University funding in the UK receives £398m cut
Business secretary Lord Mandelson has declared that the government is to cut university funding in England by a total of £398m for 2010/11. The reduced allocations will witness £84m taken from the funding budget for buildings and equipment, and £51m for teaching.
The Institute for Fiscal Studies has warned that even deeper cuts of 12.3% over 2011/12 are needed for ministers to achieve their target of halving national debt by 2013. This would mean an extra £1.6bn of cuts to the science and universities budget.
In a letter addressed to the Higher Education Funding Council for England (Hefce), Lord Mandelson asked for universities to protect their access and quality, despite the funding cuts. He also stated that last year’s u-turn on extra student numbers will not reoccur in 2010/11, as it was merely “responding to the particular needs of the time.”
In the aftermath of Mandelson’s announcement, many universities have warned Gordon Brown that the proposed cuts will bring higher education in England to its knees. Writing in The Guardian last week, The Russell Group, which represents twenty leading universities including Oxford, Cambridge and Warwick, claimed that the gold standard education currently offered will be reduced to “bronze or worse”.
The Russell Group has called for Mandelson to reconsider the proposed cuts, and for assurance that no further cuts will be imposed. The group anticipates that Labour’s cuts will result in the closure of hundreds of courses, the loss of academic staff, and larger class sizes.
“It has taken more than 800 years to create one of the world’s greatest education systems and it looks like it will take just six months to bring it to its knees. Such huge cuts in university budgets would have a devastating effect not only on students and staff, but also on Britain’s international competitiveness, economy, and ability to recover from the recession,” the group said.
The statement continued: “If politicians don’t act now, they will be faced with a meltdown in a sector that is vital to our national prosperity.”
Other reports have predicted that up to thirty universities would not survive should even minimal funding cuts be introduced. Universities across the country have already identified thousands of jobs at risk in their institutions.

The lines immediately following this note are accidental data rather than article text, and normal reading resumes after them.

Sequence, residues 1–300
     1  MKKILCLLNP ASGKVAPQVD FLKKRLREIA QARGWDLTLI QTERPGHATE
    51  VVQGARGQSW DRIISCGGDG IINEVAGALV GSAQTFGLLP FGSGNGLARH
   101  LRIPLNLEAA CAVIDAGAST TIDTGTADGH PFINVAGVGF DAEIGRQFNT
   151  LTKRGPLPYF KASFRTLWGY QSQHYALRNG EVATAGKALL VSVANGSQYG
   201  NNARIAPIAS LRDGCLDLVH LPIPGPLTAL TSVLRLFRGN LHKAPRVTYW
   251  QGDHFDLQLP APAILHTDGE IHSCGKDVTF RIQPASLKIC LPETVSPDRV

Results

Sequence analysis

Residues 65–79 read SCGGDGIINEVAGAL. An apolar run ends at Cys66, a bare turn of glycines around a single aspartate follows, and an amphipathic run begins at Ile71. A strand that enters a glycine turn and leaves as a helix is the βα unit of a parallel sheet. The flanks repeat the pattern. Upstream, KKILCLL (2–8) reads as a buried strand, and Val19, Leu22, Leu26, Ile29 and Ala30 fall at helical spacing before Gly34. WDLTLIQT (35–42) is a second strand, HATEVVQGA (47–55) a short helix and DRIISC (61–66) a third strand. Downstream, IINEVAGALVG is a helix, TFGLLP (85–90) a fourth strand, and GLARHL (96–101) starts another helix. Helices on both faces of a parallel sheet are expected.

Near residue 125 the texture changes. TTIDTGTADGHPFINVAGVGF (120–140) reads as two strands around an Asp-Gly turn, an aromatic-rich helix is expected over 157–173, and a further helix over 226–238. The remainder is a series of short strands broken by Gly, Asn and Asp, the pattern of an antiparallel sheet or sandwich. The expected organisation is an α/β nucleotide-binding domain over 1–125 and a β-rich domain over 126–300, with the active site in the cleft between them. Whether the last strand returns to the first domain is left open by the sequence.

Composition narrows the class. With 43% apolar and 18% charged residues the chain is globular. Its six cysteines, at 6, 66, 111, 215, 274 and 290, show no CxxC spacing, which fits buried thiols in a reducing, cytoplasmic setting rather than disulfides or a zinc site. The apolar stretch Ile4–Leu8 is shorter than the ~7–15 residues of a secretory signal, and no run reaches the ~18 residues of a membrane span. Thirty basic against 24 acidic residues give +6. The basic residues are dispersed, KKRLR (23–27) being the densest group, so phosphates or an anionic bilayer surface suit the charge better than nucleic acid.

General Secretary of the University and College Union, Sally Hunt, said: “Unless these savage cuts are reversed, we face the very real prospect of many universities being forced to close, over 14,000 staff losing their jobs, and some of the biggest class sizes in the world.”
In order to ease the pressure of the funding crisis for universities, the government has suggested introducing more two-year Fast-Track degrees. These Foundation and Fast-Track degree courses, which tend to appeal to those searching for more vocational qualifications, are designed to attract a broader range of students.
Higher education minister, David Lammy, said: “Fast-track, part-time, and two year degrees do not represent a reduction in quality in the higher education offer, but an increase in choice for the would-be learner. In the current economic climate, it is not a question of whether efficiencies should be made, but where efficiencies should be found.”
Lammy added that “the suggestion that the savings we have asked from universities will bring higher education ‘to its knees’ is as surprising as it is misleading.”
Shadow university and skills secretary, David Willetts, has promised that a Conservative government would offer an additional 10,000 university places. “This year, as a combination of a demographic bulge and the recession, more people want to go to university. Our view is that higher education should be available to all those who are qualified by the ability and attainment to pursue them and who wish to do so,” he said.
Elsewhere in Europe, the future of higher education looks distinctly more optimistic. Nicholas Sarkozy has recently announced an 11bn Euro investment in higher education in France, stating he “wants the best universities in the world”. Germany has also allegedly pumped 18bn Euros into promoting “world class research alongside university education.”
The University of Buckingham – the UK’s only privately funded university – is the only British institution to welcome the cuts, stating: “It was by such cuts that the US created its Ivy League, which is the world’s best university system.” This does not bode well for small institutions such as Sussex.